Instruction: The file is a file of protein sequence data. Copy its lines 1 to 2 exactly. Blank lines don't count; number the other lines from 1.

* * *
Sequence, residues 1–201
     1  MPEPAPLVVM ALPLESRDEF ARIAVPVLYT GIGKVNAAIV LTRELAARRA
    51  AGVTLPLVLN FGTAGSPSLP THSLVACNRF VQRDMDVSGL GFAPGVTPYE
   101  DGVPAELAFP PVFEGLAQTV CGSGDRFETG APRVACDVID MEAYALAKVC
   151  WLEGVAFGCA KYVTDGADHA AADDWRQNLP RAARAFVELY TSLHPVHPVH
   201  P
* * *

Sequence, residues 1–201
     1  MPEPAPLVVM ALPLESRDEF ARIAVPVLYT GIGKVNAAIV LTRELAARRA